Editors' pick

Dana Tai Soon Burgess & Co.

Dance
'

Editorial Review

Dance troupe cultivates a sense of belonging
By Jess Righthand
Friday, March 30, 2012

At a company class in the basement of Georgetown Day School, Dana Tai Soon Burgess demonstrates a combination. He dictates as he moves, calling for a plie here followed by a tendu there. His dancers are unfazed when he throws in moves from outside the classical realm: a martial arts-inspired chop, a spiral and an arm gesture that Burgess calls "turn off the light."

This blending of East and West, classical and contemporary, is at the heart of the aesthetic Burgess has been cultivating the past two decades. It is the evolution of that distinctive style, the choreographer says, that will be front and center in his company's 20th-anniversary show.

"In 1992, I founded this company to voice the stories of Asian Americans and new Americans through dance," Burgess says. "This is a nice, diverse program, but at the same time it will give people an understanding of what our work is."

The program features four pieces from different points in the company's history. It begins with "Khaybet," a solo from 2003 that Burgess created after a tour to Pakistan. Then comes "Hyphen," his 2008 exploration of what it means to be a "hyphenated" American (Burgess is Korean American). Next is "Fractures" about a relationship's end. Finally, a remounting of "Becoming American," loosely based on the history of company dancer Katia Chupashko Norri, which debuted in October to critical acclaim. "Hyphen" and "Becoming American" also incorporate video projection, which has become a company hallmark.

Burgess says he selected these works because they embrace questions of belonging. "I think it's this really profound question, and all of us have this moment of facing this question in our lives, so I wanted to choose dances that would look at it from different angles," he says.

The choreographer also fosters a sense of belonging among his 13 core dancers, creating a collaborative environment in which everyone has an increased stake. Dancer Ricardo Alvarez, who has studied both dance and graphic design, designs some of the company's image projections. Dancer Kelly Moss Southall does set design. And Burgess relies on his dancers for inspiration.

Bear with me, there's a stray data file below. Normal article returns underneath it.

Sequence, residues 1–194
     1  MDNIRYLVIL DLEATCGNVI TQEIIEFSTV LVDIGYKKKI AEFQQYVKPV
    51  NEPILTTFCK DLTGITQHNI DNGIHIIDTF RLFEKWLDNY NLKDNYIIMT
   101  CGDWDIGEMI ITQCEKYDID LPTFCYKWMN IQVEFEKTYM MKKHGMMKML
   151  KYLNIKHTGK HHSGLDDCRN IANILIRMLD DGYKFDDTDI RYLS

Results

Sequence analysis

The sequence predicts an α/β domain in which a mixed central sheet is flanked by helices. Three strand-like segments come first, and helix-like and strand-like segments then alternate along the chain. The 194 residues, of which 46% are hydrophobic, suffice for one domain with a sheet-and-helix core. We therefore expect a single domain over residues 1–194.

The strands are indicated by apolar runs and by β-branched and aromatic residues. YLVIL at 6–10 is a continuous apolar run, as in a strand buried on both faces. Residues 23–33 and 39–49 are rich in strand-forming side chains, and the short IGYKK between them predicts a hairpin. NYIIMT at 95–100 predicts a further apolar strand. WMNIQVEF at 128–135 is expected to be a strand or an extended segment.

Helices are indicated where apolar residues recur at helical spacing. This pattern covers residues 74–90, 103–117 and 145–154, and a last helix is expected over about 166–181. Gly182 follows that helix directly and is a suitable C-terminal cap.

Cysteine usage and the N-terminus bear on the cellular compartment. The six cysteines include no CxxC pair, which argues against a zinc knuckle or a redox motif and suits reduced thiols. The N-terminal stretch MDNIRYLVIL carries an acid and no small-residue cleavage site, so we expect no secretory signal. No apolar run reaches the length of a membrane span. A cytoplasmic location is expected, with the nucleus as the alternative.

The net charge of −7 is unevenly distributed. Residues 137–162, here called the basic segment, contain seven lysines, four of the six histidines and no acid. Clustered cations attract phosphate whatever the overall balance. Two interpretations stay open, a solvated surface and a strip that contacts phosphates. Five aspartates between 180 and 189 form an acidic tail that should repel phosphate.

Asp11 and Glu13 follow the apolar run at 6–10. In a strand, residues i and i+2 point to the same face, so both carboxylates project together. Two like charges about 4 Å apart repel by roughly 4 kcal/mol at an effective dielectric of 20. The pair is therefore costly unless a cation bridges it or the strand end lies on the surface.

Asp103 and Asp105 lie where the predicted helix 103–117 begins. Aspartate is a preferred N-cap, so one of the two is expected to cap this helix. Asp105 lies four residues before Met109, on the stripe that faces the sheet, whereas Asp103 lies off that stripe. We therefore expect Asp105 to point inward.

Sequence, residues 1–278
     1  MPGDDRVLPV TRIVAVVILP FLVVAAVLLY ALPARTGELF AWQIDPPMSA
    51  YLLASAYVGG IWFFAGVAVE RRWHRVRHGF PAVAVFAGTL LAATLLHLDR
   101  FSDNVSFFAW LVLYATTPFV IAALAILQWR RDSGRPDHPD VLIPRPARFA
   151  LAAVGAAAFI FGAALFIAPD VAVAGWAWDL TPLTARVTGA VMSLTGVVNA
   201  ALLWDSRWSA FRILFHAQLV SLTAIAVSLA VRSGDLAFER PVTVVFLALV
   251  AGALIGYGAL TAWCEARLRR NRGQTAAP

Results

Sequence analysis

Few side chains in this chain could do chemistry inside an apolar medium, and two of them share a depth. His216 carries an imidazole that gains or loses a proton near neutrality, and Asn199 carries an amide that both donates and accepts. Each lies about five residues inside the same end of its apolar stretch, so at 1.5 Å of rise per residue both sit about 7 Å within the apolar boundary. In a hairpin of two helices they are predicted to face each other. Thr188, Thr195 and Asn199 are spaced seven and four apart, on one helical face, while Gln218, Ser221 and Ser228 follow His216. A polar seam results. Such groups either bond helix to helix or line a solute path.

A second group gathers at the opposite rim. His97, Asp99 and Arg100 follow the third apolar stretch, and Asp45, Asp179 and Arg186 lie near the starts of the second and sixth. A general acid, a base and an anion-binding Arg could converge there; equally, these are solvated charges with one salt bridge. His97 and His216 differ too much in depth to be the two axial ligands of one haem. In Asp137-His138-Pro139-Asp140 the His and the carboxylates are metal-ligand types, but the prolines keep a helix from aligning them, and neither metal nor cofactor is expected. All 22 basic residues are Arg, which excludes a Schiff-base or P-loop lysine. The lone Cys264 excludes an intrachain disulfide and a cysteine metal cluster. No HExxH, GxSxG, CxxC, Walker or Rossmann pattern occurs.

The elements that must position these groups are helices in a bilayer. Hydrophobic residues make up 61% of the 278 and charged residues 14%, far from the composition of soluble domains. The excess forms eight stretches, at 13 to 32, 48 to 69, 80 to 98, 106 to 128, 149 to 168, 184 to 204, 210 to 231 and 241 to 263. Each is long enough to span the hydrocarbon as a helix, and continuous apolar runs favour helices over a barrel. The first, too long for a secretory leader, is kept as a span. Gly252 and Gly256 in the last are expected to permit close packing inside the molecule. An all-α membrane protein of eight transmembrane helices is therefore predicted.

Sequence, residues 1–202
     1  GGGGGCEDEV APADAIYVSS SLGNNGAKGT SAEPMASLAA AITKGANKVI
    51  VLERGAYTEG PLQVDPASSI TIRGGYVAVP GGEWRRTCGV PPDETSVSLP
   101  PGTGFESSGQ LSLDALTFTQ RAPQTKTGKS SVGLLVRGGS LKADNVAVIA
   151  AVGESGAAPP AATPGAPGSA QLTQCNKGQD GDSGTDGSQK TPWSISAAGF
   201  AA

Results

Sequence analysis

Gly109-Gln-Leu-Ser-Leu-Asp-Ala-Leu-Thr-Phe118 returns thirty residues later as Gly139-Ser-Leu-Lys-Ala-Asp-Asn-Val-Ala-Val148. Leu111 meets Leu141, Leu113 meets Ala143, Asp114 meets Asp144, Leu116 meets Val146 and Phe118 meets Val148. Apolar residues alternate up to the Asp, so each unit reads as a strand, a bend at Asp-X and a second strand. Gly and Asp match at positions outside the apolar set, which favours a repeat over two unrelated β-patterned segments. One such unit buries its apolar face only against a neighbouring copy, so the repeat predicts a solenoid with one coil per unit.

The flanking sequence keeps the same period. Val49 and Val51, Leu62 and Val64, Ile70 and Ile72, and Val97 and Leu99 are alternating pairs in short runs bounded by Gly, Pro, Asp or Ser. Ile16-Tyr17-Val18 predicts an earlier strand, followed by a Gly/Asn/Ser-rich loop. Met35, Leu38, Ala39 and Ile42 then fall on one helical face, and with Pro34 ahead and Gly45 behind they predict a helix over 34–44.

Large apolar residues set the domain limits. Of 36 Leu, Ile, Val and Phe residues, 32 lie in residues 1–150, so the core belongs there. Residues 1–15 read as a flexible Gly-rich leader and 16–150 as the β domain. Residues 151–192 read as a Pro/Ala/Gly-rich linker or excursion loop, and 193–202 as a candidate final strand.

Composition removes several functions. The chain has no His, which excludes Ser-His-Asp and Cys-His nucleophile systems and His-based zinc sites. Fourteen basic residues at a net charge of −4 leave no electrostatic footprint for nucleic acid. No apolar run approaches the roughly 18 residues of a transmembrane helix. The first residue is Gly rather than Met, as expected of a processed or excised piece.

"Many dancers are curated and invited into a company because a choreographer can see them in a particular role," he says. "The way I grew up, what inspires me are intelligent dancers that are able to converse. They have an interesting cultural background and have an interesting presence onstage as well as being very fine technicians."

In rehearsal, it's easy to see what he means. His dancers vary in age, height, stature and ethnicity, and each evokes a unique quality onstage. But their execution is where the cohesion lies.

"If somebody tosses their hand, we're looking for the effort with which it's tossed, speed, dynamic range," Burgess says. "That's what will make all these people look the same. That's what's interesting. Dancers can kick their legs high, but I'm looking for this other layer of knowledge."

What's on the horizon for Dana Tai Soon Burgess & Company? Burgess hopes to extend the company's season and continue to tell stories of the multifaceted "micro-cultures" within an increasingly diverse country.

"It's what I've always known and what I continue to love."